How Getting Sober Gave Me a New Perspective on Judgment
I found myself asking one of my closest friends who I know is capable of introspection how to “not think.” My girlfriend said to me, “I don’t know if the goal is to not think, I believe thinking is your gift.”
I met this friend many moons ago. We partied together, we laughed and then we suddenly parted ways. This is a theme I see a lot in my life. I used to think it was because I was a fair-weather friend, but I know now that’s actually not true. In life, some people come, leave and come back, or we never run into each other again; some people stay the entire time. That is the journey. That is why detachment is so important, very often it has nothing to do with you or them, just different places on the journey as a whole. Sometimes, for all of us, it is time to go — forever or just for now.
I remember always kind of idealizing this girl. When we went our own ways, she started along on a spiritual journey, while I stayed partying. I remember reading some of the things she posted and thinking to myself, “This chick is confused, who does she think she is? What did she find, God or something, is she a saint now, Buddha?”
Ironically, quite a few years later, she is one of my biggest teachers. She is a gift to me, but for a long time, I just judged her. I didn’t understand much about where she was on her journey, because I just wasn’t personally there yet in my own. I was spiraling out and she was going inward.
My judgments for her capability to reach depths within herself I hadn’t met yet, drove me as far away from her as possible. I found myself thinking things like, “Wow, I hope she is OK, I wonder if she really is doing well, I worry about her. Does she ever find time to play? How did she get so serious? Does she think she is OK? Is she OK? She really needs to figure it out.”
Now, I see my judgments of her (because all judgments are something I am judging in myself) were because I wasn’t capable or aware enough to look at my own personal bullshit. The only person who wasn’t really OK, was me. I was drinking way too much, doing drugs, trying to be a mom, living with and trying to love someone who I just didn’t love. I’ve found the easiest thing to do when you are struggling and spiraling out is to find someone else to judge … and in my experience, we usually pick someone who has what we want.
A few years later, I found God, and yes the God we all might hate or have a negative connotation with, and I started looking at my own shit and pain.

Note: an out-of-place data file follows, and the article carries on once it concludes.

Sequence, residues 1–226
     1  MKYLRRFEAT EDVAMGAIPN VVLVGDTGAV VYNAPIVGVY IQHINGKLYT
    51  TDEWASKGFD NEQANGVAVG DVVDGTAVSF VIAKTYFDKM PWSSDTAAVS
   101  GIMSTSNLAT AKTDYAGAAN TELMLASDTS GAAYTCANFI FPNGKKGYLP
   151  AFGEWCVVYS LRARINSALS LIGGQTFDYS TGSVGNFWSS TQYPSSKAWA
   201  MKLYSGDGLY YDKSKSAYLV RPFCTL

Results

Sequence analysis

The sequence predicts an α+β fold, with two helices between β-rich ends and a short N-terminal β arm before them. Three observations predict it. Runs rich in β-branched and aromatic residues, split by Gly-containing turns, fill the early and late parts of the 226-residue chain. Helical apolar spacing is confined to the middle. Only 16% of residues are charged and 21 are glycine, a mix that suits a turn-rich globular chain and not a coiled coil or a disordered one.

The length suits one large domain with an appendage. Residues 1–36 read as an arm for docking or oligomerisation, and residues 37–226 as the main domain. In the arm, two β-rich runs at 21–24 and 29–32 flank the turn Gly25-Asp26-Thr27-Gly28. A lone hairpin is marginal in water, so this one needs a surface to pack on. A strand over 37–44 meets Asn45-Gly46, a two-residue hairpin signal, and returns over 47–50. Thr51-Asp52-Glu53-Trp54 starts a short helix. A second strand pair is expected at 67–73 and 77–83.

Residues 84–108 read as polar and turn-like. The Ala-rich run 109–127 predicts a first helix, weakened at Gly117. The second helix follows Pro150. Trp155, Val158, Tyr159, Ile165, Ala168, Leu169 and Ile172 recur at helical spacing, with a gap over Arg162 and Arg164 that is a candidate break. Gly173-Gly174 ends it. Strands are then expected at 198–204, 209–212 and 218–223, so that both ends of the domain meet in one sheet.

I was able to get sober. I was able to leave that relationship. I attached myself to other relationships, but was able to get out of those, too. I was able to become the mother I wanted to be. I was able to keep a career. I was gifted my friendship with this girl back. I was able to find the strength to do the work and keep doing the work. The inner work never ends unless you are Buddha; I am gratefully not that special.
I write about where I have been because it’s my journey, but I still judge myself and feel judged by others. The reason I feel this way is because I remember being “Shelley judging the friend who was doing the work.” So, I know the judgments are real. I also know no matter how bad I want to believe that it is, other people’s perceptions of me are not personal or even about me.
I don’t profess to be Buddha, because I don’t think he speaks like a trucker, talks about dirty sex, makes crass jokes or even fucks it up sometimes. Buddha doesn’t tell small lies to please others, or compromise himself to fit in or wish to be anyone other than who he is. I do, though. Because I am on a spiritual journey makes me no more special than you. I look at my own thoughts and emotions, then obsess and ruminate over the right choice for entirely way too long. I don’t have anything figured out, I just keep showing up and diving deeper. I do have the ability to express my feelings by putting them into words and by the grace of God the bravery to leave it with all of you, as an offering. To judge me, pray for me, accept me or go inward for yourself, which is always your choice. Guidance which comes in the form of vulnerability and connection is always an offering.
When I write and people text me or call me to say, “Jesus, are you OK?” Or, “Can I help? I know you struggle a lot.” Or, “Chin up, hang in there,” I am aware those are judgments, too. Quite frankly, they make me question my own sanity because I know I am OK, I am writing about it? Just because I show you it is OK to not know what the fuck to do next, doesn’t mean I am not OK. Doesn’t that actually make me deeply OK? I am owning I don’t know what to do, which allows you to own it within yourself, too because I have taken the shame away. Further, owning it allows me to move forward knowing what to do by not at all knowing, and instead trusting I will.
I know what it feels like to have a secret, a miserable pain or ache within because I feel it or at some point have felt it, too. I know the stripping grief of heartbreak, I have lived it. I know loss, failed expectations, stagnant misery, death and recovery. I also know what it’s like to be a lost, shadow of a person.
Vulnerability doesn’t mean I am Buddha, or even someone who thinks I am Buddha, it makes me human. My ability to share for me, and also you, is literally to take the shame from you and put it all onto me, because I have the space within to hold it. I want you to know it is OK to not be OK, and to look at it, look at the thing that is causing you pain. The ache or void that makes you want to use, have sex, filter your photos, judge or purchase anything, to not feel the pain or the void.
My reminder is there is no need to look at what is causing me pain, I am OK. I just may have triggered some pain in you.
So, let me ask you, are you OK?
The only way out is through.
So, keep going.
Getty image by Ponomariova_Maria